Tuesday, May 23, 2017

The real action understanding network

In The Myth of Mirror Neurons I hypothesized that the action understanding network was much more complicated than the mirror neuron theory supposed.  I pointed to the superior temporal region as a possible hub based on its action observation response properties in both monkeys and humans.  I then went on to speculate about the broad constellation of functional networks that would be needed for true action understanding.  Here's the quote from Chapter 7 in my book:
Other systems that are likely linked up to the posterior temporal (and perhaps STS) action understanding convergence zone include temporal lobe regions that could put the perceived movement in the context of (i) surrounding visually perceived objects (the lateral occipital cortex), (ii) higher-order semantic representations of objects (anterior and/or posterior temporal lobe), (iii) the particular people involved (the fusiform face area), (iv) the broader semantic or autobiographical context (the default network and medial temporal lobe memory areas), and (v) the emotional relevance (amygdala), which together put the meat of understanding on the bones of the perceived action. The network will also have to be interfaced with prefrontal circuits involved (i) in assessing the relevance of the action given the context above, (ii) in directing attention to the action if the context dictates such, and (iii) in selecting an appropriate response, if any.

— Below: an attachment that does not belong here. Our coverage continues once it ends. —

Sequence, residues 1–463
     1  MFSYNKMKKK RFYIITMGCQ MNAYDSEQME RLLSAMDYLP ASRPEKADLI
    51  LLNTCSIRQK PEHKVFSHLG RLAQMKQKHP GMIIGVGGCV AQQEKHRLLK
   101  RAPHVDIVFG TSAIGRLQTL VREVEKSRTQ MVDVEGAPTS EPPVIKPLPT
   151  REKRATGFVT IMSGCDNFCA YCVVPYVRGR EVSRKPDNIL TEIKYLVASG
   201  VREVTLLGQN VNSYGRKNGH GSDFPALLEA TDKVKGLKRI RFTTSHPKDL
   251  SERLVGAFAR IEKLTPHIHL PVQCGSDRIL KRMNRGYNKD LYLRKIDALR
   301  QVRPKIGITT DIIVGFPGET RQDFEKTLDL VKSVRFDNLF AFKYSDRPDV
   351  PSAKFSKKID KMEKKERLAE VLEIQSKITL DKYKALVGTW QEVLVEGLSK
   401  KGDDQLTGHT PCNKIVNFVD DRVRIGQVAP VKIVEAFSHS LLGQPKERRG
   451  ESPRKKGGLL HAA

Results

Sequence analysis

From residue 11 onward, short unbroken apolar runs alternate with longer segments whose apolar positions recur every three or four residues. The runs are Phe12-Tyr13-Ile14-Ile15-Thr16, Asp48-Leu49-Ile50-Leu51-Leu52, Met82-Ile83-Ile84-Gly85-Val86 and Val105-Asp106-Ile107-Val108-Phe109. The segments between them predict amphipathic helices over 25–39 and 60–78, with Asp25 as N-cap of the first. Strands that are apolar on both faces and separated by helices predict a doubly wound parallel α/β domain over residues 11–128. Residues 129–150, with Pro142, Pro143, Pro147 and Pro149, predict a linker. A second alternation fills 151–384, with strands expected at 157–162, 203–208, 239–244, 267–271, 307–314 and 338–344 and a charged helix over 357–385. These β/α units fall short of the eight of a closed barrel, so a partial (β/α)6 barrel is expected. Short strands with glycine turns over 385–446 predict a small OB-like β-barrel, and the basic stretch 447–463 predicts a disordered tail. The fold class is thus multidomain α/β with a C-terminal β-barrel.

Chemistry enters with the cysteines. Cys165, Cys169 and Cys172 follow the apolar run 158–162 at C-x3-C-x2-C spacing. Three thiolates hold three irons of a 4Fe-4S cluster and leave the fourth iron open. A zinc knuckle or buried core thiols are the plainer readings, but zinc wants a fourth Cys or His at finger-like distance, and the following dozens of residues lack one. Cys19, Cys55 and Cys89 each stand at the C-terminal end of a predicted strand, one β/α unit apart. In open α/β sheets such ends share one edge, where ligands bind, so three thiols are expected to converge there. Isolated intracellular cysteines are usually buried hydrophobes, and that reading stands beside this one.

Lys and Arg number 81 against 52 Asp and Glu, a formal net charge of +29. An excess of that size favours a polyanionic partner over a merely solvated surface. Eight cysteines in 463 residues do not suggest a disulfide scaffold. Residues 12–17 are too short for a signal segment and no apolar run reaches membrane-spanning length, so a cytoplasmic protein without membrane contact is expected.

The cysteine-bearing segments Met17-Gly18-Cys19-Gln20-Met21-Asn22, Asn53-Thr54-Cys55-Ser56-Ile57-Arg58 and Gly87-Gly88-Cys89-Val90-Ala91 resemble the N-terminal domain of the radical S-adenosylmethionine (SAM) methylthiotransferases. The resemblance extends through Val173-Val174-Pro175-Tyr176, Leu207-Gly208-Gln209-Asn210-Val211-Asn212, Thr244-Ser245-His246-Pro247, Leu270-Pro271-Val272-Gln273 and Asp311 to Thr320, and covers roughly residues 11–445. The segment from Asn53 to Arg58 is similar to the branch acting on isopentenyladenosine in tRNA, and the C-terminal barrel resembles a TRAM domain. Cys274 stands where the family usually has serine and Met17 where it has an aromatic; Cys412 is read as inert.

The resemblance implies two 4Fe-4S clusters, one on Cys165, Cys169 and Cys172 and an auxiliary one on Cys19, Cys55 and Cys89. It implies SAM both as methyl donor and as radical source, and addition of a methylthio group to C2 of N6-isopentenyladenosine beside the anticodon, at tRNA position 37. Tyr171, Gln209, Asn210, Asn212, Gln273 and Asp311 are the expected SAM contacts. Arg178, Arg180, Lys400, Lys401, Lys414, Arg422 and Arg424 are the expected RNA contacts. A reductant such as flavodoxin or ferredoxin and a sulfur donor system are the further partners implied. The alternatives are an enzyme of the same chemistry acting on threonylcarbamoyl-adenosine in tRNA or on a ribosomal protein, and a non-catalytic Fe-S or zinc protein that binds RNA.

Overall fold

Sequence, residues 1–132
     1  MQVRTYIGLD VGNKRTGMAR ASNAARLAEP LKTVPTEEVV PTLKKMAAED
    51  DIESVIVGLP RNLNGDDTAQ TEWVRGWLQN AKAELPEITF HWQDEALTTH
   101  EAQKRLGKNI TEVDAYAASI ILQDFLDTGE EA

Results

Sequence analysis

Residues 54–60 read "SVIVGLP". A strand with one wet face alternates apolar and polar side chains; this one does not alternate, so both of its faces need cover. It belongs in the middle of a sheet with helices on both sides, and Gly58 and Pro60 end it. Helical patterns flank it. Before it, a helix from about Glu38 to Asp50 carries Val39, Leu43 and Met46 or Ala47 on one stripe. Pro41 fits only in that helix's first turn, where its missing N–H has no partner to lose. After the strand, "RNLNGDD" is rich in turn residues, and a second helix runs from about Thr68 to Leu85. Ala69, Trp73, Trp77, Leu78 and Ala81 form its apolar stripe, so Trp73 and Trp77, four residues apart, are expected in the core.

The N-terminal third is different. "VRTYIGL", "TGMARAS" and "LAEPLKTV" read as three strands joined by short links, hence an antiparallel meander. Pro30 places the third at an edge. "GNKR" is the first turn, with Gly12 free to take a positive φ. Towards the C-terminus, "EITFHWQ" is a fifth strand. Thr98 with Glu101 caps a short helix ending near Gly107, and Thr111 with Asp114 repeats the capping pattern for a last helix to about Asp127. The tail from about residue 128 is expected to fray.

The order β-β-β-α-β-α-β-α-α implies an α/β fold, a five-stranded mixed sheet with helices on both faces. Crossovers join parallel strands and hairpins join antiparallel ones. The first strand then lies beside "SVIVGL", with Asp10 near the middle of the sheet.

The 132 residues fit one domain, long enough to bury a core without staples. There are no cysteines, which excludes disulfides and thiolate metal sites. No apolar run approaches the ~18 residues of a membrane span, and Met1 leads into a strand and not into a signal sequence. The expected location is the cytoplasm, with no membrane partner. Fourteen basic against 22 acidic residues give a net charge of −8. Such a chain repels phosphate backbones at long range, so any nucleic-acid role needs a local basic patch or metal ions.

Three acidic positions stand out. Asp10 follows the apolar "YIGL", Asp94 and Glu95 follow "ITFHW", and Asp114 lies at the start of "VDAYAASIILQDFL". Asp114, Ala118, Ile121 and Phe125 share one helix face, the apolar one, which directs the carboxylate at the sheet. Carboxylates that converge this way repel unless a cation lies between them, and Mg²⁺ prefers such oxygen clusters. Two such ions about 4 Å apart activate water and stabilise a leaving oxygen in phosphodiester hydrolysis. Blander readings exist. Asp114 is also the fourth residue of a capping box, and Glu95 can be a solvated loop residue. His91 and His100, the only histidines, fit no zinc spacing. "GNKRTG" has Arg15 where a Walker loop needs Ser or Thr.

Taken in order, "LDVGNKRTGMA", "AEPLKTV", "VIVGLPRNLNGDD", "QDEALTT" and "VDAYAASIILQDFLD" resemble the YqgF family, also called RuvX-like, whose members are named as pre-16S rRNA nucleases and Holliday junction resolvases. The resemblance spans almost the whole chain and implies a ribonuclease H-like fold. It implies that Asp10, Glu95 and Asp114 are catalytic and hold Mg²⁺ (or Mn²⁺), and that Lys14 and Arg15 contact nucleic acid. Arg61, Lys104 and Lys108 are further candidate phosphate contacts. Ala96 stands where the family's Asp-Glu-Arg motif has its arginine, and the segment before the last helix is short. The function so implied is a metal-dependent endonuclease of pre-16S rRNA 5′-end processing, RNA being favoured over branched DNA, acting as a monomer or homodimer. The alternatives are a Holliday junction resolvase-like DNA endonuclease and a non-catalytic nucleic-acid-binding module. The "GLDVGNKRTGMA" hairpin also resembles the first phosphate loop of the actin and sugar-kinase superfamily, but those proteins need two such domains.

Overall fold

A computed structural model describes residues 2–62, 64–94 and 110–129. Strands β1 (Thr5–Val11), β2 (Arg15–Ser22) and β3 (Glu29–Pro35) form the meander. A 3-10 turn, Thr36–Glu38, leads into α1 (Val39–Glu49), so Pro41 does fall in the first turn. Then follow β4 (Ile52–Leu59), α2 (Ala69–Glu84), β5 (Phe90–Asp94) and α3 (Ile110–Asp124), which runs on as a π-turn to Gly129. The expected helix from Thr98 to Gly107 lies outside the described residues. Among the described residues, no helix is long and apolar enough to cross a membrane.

A new paper has recently been published in Science describing an fMRI experiment in four monkeys during both agent-object interaction observation and agent-agent, i.e., social interaction observation. Here is a map of activated regions in the two conditions.

Both implicate fairly large networks as we would expect for complex cognitive tasks like figuring what someone is doing. The social interaction map is interesting in that it yields more robust activation and recruits additional, mostly medial and limbic-related structures.  This makes sense for a social species. More specifically, here's a quote from the paper listing the regions activated.
Social interactions, but not physical ones, activated a large set of brain regions beyond the category selective networks and the MNS (Fig. 2, I to N). This social-interaction network (SIN) included parts of the medial prefrontal cortex (mPFC) and anterior cingulate cortex (ACC) (areas 32 and 10mr, and 24b, respectively), dorsomedial prefrontal cortex (dmPFC) (areas F6 or Pre-SMA, 8Bm, and 9m), a temporo-parietal cluster (areas TPOc and 7a), parts of the ventro-lateral prefrontal cortex (vlPFC) (ventral part of F5, ventral part of 44, the posterior part of 47 and 12, and OPro), temporal pole regions (TPOi, STS areas 1 and 2, and TPpro), the perirhinal cortex (36R), dorsal STS areas [social posterior dorsal (sPD) and social anterior dorsal (sAD), located dorsally to posterior lateral (PL) and anterior fundus (AF) face patches, and anterior dorsal (AD), a face patch located dorsally to face patch AF], and cortical and subcortical systems engaged in reward, valence, and emotional processing [caudate; amygdala; and areas 10o, 11l, and 14r of the orbitofrontal cortex (OFC)]
The take home message, to quote again from my book is that action "understanding is a complicated thing with lots of moving parts. You can’t pull out one part and call that the 'basis of action understanding.' It doesn’t work for just the motor bits and it doesn’t work for just the sensory bits." If we are going to make progress in understanding the neurocomputational nature of action understanding, we are going to have map all the parts and their interactions.

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